Wearing Solar: Scientists and Designers Apply Photovoltaic Cells to Personal Uses
By now, nearly everyone is familiar with the idea of using photovoltaic cells to capture sunlight and convert it to electrical energy on homes and buildings. But an increasing number of creative people are applying the technology to smaller, personal devices, with some fascinating results. Designer Pauline van Dongen, Project Director Christiaan Holland, and solar-energy expert Gert Jan Jongerden, have designed a Solar coat and Solar dress, which store and discharge electricity while being worn. The coat incorporates 48 rigid solar cells while the dress has 72 flexible solar cells. Each of them, if worn in the full sun for an hour, can store enough energy to allow a typical smartphone to be 50% charged. Although the products are not yet on the market, the team is already imagining other articles that would allow people to become energy sources.
On the TV show “The Big Bang Theory,” the characters believe “Everything is better with Bluetooth.” That philosophy has made it to a photovoltaic bracelet that tells its wearer how much sun she is receiving, and even suggests protective measures. The June bracelet is made by Netatmo and designed by Louis Vuitton and Harry Winston collaborator Camille Toupet. The device syncs over Bluetooth to a paired iPhone, where an app tells you how much sun you're getting based upon readings from the bracelet's photovoltaic gem. It also recommends sunglasses, a hat or a specific sunscreen based upon the measurements. It costs $100, and will come in platinum, gold, or gunmetal. It is expected to be available for sale later this year.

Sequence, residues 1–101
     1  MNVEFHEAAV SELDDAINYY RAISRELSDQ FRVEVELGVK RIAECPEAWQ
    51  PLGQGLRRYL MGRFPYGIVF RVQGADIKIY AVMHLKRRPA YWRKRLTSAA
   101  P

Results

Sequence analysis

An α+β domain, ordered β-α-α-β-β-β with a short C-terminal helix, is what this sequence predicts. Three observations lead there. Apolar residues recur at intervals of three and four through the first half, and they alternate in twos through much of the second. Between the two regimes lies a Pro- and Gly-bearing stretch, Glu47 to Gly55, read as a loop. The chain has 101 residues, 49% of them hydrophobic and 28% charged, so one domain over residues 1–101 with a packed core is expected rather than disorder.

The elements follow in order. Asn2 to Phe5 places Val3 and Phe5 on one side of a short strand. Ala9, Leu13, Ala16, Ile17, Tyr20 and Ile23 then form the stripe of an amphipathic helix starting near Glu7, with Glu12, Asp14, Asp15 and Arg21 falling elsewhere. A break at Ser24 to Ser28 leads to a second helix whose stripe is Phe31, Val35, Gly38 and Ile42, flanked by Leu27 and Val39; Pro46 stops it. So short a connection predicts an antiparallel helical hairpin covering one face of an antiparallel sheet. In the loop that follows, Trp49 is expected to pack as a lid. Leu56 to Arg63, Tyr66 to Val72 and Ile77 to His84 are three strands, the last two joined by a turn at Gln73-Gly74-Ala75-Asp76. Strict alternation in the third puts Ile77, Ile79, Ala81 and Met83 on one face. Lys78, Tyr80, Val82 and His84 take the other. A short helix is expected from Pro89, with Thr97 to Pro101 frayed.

Even the military is getting into the wearable solar act. A demonstration project, the Marine Austere Patrolling System (MAPS), showed how portable, wearable solar panels could be used to power a variety of high-tech equipment. The panels could eliminate the need for soldiers to carry batteries in the field, greatly decreasing the weight of their field packs, which can weigh as much as 150 pounds when laden with batteries. Initial tests received high marks from the Marines involved, and research into wearable military solar continues, although the pace of the science has been slowed by budget cuts and troop drawdowns from overseas operating theaters.